Which is why it was hilariously funny to see him killed off as soon as the first zombie attacks. It reverted everything we expected from the movie. He just panics, trips and then shoots himself in the face, as he lands. There was this silence, as the audience registered what the hell just happened. And then the chuckles broke out. This death could have been so much higher, if World War Z didn’t try this same twist eight other times in the bloody film.


Malkeith had a pretty brutal ending in the second Thor. Just when he thought he had hit the height of his power, it all went a little pear-shaped for him. Thor just rocks up and plants a teleporter pole into each off his arms. Next thing the villain knows one of his arms is painfully ripped from his body and transported into another dimension. The rest of his body is sent to a dimension on the other side of the universe. He lies there, bleeding out, waiting for death to finally end the misery him and his race has suffered for millennia now. That is a pretty bad way to go out…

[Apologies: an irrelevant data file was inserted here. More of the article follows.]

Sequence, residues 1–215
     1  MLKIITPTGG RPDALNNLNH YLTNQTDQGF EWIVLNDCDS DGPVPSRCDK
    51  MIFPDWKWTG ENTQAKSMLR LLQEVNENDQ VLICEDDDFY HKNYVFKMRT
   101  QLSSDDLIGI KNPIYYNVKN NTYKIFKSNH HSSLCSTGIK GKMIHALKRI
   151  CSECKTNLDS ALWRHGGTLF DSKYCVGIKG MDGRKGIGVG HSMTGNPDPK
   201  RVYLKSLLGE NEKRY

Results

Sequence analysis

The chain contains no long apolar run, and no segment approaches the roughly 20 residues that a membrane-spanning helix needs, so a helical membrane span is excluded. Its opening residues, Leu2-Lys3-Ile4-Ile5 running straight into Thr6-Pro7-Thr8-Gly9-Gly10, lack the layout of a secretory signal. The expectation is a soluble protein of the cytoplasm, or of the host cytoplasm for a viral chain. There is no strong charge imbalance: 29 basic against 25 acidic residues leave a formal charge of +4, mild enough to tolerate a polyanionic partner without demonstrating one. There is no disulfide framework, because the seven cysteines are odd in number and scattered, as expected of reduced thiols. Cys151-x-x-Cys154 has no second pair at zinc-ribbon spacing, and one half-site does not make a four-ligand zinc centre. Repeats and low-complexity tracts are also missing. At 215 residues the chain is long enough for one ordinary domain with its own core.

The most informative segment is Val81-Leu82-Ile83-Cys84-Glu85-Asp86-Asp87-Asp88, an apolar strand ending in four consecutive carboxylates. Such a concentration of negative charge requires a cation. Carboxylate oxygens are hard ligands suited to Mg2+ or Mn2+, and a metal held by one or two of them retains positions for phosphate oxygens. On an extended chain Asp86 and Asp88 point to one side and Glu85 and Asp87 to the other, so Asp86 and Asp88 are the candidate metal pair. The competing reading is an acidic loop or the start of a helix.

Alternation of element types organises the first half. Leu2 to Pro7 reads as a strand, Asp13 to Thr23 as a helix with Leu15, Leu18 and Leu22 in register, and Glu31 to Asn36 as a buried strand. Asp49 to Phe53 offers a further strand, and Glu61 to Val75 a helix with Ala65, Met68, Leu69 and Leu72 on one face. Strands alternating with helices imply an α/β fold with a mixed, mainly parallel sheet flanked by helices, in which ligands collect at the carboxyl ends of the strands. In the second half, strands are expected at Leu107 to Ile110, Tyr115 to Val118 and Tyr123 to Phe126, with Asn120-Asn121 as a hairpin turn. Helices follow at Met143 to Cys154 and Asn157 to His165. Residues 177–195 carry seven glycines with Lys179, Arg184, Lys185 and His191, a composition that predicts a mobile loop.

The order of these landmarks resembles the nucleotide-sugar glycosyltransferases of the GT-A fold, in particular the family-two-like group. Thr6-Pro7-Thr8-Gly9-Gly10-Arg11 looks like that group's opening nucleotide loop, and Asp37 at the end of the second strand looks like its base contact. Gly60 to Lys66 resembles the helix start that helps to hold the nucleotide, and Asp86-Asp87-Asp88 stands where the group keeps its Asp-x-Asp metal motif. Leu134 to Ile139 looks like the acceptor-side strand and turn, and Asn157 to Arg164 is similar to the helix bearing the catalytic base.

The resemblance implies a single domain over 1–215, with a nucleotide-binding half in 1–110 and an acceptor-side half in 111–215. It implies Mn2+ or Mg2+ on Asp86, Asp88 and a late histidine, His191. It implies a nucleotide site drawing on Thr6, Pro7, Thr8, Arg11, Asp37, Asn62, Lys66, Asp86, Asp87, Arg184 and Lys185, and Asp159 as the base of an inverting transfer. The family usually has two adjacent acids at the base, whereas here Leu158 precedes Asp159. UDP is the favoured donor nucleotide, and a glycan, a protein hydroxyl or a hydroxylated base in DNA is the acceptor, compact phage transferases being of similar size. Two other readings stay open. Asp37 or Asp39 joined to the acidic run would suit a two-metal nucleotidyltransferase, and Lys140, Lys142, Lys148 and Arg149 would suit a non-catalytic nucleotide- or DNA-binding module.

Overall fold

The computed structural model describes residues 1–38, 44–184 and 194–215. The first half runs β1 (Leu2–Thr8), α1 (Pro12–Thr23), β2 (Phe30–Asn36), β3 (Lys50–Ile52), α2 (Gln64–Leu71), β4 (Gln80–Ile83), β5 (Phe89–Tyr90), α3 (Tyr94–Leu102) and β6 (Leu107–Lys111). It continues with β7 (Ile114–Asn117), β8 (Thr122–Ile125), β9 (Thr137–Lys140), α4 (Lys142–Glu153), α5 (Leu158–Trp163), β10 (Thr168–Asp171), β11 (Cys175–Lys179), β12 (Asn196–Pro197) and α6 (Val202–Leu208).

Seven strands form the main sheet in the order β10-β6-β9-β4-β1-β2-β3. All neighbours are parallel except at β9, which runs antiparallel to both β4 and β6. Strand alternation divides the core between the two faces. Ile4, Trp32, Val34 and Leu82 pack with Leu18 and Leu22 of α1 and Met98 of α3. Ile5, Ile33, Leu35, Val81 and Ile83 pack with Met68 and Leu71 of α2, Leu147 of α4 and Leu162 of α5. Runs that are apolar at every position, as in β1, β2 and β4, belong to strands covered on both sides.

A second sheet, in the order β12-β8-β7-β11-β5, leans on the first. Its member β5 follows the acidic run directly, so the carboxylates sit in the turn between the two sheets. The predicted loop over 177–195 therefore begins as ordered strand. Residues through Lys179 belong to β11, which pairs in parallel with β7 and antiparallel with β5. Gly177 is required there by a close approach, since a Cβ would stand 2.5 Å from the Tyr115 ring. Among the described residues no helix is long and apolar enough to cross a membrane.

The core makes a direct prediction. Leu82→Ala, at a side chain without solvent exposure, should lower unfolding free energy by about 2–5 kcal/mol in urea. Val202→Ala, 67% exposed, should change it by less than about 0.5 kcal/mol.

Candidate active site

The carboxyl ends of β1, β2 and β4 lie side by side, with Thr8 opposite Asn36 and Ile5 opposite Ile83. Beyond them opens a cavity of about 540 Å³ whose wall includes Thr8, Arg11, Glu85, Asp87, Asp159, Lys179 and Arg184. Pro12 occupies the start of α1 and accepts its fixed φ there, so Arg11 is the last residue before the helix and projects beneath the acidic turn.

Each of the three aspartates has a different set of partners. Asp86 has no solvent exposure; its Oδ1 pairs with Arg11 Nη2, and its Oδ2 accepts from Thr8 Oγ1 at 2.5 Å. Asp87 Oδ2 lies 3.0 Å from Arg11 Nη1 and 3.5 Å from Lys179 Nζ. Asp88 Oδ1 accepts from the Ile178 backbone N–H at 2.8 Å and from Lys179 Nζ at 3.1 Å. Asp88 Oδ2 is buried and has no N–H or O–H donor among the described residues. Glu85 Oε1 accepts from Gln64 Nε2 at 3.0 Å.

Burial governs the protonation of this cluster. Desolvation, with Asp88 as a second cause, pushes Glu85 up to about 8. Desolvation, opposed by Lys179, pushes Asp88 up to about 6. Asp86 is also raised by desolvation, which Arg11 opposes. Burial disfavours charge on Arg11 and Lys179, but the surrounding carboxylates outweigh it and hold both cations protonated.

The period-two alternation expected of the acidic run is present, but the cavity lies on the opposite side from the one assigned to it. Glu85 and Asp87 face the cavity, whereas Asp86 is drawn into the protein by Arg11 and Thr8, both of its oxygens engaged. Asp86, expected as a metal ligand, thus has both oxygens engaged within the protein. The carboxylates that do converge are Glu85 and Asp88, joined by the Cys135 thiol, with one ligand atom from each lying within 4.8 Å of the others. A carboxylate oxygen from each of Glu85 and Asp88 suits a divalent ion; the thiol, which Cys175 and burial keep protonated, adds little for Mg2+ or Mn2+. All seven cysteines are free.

Oh wait, we are not done. Back in London, Thor is about to be crushed by Malkeith’s falling spaceship. Eric Selvig thinks on his feet and manages to teleport it away from Thor. However, in a statistically unlucky move, it ends up about to crush Malkeith. As his own spaceship falls upon him and crushes his broken body into smithereens, I reckon his last thoughts were: “Why the fuck did I design my spaceship like a bloody sword?!”


Let’s go for a sad death this time. About Time was a very beautiful story about running out of time, when you think you have all the time in the world. Bill Nighy’s death was really emotional, because Richard Curtis approached it from every angle. My own gripe about the whole affair was that it took away from the relationship between the two leads, slightly killing off the Rom-Com element of the movie. However, that is a half-hearted argument, because the father-son side of the movie was by far the best bit of the movie.